Group to focus on economic growth
©2003 Homer Index
by Mike Warner
Realizing economic growth is imperative if Homer is to thrive, the Homer
Business Association has formed an Economic Development Committee (EDC)
try and spur growth in the area.
The EDC is holding its first meeting tonight (Wednesday) at 7 p.m at
Community House. Contractor Darian O'Dell is chairing the committee,
also includes HBA chairman Chris Miller, Jewell Burkwalt, Mike Warner,
Chilicote, Village Manager Tom Cogswell, Ric Crague, Luanne Knapp and
Stonebraker. The group will also try to incorporate representatives
Homer Township into the group. The public is also welcome to attend
Miller, who also serves on the village council in addition to heading
HBA, says the goal of the EDC is to pull together different groups within
the community to work collectively to bring new homes and businesses
"We need to forge ahead with growth," Miller explained. "It
will take time,
but if we don't see some economic development the village will decline.
are already showing signs of stress. As the tax base goes down, so will
services. Retail businesses will close, jobs will leave the area and
people. If we don't grow, we will be left with a village of low income
retired people who will not be able to afford to support the services
needed. Fire and police protection will suffer quickly."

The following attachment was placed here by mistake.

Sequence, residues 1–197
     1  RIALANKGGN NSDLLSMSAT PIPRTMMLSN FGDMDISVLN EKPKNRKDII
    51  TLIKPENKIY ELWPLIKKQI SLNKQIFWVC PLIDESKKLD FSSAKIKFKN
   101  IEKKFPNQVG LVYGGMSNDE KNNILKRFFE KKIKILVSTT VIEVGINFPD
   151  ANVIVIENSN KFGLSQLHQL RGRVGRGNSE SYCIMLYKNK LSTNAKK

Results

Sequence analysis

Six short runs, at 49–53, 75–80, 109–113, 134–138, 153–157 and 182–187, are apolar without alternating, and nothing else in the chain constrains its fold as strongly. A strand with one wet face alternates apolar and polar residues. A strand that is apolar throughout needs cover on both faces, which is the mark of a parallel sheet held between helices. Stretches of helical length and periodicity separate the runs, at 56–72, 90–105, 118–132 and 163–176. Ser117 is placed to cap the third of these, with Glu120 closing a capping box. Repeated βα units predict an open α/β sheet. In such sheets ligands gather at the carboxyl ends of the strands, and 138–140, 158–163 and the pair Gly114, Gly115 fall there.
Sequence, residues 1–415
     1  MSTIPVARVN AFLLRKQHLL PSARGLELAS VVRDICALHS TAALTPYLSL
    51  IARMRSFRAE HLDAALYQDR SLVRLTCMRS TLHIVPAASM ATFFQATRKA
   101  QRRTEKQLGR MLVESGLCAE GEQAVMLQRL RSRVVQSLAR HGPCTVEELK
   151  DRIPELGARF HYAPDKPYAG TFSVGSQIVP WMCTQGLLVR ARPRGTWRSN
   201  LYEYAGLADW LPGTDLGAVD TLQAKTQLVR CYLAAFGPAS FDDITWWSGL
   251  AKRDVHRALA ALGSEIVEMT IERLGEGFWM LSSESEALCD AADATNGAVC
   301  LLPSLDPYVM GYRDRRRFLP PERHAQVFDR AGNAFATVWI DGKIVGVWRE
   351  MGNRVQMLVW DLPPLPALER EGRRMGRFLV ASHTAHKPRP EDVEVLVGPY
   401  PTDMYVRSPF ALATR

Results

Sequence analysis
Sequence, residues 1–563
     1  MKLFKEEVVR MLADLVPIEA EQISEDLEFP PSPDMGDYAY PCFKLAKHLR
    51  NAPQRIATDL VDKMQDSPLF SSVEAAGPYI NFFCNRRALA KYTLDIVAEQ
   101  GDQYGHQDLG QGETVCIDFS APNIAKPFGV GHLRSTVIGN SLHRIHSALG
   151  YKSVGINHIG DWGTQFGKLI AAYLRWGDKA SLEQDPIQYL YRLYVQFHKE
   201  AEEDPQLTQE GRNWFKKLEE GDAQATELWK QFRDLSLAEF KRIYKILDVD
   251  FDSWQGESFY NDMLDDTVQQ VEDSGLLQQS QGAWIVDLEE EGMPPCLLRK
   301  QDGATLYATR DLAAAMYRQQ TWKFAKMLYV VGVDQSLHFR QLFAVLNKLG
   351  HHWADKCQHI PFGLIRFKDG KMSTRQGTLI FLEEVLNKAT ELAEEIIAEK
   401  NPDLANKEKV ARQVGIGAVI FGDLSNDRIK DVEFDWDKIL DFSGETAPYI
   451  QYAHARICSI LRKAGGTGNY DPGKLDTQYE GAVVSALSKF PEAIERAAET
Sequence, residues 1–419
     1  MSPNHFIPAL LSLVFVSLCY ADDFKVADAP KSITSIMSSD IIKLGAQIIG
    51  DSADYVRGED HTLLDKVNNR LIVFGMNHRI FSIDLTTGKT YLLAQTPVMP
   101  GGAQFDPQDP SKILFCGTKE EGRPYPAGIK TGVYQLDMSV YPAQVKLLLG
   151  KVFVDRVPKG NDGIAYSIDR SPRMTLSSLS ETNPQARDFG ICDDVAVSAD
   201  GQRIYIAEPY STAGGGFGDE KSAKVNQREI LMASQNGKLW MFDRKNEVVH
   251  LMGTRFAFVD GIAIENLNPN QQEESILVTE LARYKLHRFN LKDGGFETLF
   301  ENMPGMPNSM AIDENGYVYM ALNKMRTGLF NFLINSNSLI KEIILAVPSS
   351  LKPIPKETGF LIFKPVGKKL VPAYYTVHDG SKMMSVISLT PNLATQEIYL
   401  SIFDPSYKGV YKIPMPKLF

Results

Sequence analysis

Miller said an increase in homes, downtown businesses and outlying
businesses and industries are all pieces of the same puzzle that will
Housing will be a key focus of the EDC.
"Ten new families will dramatically impact the business community,"
noted. "We need all types of housing, but especially good, solid
middle class families. We also need upper scale homes for managers and
executives of our industries.
"I'd like to see us with new homes like Coldwater, Vicksburg and
that are thriving have," Miller added.
Miller said he's concerned because the annual income of residents in
village and Homer Township have declined over the past 10 years, while
salaries have increased in neighboring communities. New home construction
has been stagnant over that same period of time. Those are not signs
healthy community, he remarked.
Miller stressed there are no quick-fix solutions to the problem.
"It will take 5-10 years to turn the situation around," he
I'm really encouraged by the number of young people in the community
to get involved with the Economic Development Committee. It's exciting
see the number of young people willing to give back to the community."